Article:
Duplicate mac addresses that could cause network issues

Not sure whether it is common standard/practice but apparently in the TO any interface on top of the hardware layer/device is given the same mac address as the hardware layer, e.g. eth0.x vlans are featuring the same mac address as eth0 as well as br-lan when enslaving eth0.

This would not be problem yet since out of those only br-lan gets an ip assigned. Adding however another bridge to the same layer chain, e.g. br-foobar enslaving eth0.2 will be assigned the same mac as br-lan, and thus having suddenly 2 interfaces with the same mac address but different ip.
Something less than ideal and which could cause some grievance in the network layout/operation.

However, it can be worked around by setting a different mac (option macaddr) on any such interface duplicating a mac address from an ip interface already being assigned that mac.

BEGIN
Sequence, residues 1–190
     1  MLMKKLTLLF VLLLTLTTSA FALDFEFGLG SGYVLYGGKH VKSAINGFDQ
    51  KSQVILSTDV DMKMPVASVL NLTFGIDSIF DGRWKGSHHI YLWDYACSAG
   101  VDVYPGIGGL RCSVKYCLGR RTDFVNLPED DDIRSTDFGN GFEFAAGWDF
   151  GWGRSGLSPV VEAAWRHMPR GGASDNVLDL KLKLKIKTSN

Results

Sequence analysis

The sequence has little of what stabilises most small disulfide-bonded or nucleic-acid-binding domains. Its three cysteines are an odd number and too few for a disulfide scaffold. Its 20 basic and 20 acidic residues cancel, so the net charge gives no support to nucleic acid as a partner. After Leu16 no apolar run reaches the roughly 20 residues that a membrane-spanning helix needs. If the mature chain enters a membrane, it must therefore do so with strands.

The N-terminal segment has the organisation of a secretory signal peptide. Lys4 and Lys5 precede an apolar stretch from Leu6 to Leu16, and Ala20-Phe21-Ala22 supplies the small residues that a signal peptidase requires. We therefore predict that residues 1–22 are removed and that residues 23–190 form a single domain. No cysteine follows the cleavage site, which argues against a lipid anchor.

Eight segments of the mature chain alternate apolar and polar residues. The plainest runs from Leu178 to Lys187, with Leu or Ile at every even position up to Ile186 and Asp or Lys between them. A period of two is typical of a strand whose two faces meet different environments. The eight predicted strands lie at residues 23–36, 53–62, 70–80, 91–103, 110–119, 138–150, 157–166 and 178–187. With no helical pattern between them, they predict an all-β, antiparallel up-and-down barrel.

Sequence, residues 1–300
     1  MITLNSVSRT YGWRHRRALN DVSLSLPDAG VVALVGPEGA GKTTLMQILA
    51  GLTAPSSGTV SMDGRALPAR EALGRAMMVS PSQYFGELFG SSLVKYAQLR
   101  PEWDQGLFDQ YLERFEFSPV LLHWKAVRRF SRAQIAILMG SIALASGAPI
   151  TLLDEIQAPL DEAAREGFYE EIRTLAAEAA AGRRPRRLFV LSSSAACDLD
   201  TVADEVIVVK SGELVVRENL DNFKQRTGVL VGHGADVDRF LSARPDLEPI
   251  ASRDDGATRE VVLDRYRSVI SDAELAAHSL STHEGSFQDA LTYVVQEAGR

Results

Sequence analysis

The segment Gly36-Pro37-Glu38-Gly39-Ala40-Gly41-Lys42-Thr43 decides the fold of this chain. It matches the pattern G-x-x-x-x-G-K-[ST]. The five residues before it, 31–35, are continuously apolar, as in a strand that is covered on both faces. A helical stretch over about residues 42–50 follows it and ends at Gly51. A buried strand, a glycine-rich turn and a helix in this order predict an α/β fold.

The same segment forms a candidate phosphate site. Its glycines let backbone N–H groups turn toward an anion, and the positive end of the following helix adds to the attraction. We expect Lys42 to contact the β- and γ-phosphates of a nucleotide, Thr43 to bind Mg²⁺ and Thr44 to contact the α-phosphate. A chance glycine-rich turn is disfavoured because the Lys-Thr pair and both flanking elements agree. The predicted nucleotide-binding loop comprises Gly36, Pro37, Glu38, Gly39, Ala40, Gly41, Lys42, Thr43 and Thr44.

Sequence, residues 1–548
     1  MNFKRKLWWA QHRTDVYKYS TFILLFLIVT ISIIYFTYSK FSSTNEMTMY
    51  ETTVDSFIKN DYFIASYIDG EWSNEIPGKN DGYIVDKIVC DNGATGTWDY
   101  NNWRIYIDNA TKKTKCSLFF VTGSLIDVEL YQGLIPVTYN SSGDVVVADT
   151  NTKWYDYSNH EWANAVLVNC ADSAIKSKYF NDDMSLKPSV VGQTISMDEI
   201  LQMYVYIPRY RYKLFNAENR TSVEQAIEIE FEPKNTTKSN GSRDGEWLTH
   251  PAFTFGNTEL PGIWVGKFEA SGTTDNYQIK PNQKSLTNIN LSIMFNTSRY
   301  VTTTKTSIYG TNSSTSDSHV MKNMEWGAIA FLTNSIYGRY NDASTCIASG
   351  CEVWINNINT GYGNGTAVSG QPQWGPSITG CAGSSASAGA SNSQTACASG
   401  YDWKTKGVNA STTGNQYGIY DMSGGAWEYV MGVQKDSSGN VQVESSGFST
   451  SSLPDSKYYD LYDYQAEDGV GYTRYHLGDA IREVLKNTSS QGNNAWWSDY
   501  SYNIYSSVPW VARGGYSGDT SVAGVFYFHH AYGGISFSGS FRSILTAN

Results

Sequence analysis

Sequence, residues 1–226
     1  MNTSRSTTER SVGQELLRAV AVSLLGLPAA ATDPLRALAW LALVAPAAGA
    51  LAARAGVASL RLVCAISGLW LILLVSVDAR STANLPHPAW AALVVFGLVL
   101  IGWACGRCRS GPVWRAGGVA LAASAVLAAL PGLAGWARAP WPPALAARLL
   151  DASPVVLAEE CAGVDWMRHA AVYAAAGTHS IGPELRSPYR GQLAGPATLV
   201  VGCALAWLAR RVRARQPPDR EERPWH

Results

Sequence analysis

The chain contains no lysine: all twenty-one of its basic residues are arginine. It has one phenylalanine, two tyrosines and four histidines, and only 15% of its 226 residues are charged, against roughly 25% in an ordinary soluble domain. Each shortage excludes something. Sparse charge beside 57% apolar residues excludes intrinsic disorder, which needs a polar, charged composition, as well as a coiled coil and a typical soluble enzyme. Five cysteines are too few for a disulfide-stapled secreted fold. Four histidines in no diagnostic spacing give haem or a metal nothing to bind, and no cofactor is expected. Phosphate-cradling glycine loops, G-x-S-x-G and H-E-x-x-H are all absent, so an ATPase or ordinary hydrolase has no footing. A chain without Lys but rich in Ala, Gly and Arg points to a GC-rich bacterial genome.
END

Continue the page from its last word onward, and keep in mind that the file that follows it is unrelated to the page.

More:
Hi @anon50890781

Thank you for this useful hint.

Are there some rules to be followed to choose the value of the new MAC address?

it seems to be common practice

unsure why/if this is a problem

a safe bet is to increment one of the lower values, like onmia does by default for its eth interfaces.
eg. 4d:ef:c0:a1:ae:d34d:ef:c0:a1:ae:d4

but the probability for a collision with a completely random address are miniscule.

It can be a problem. For example you can have more bridge ifaces getting IP from DHCP. Then DHCP server see one MAC only and tries to assign same IP for all ifaces.

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Something like this can happen

I could hardly imagine all the grievance in a network caused if it was common practice. It seems rather that mac address pools are the standard to avoid mac address duplications and thus any oddities that may result from those.

it also sucks differently with each kernel :wink:

How so, that is about the Cumulus distro in particular and not the Linix kernel in general?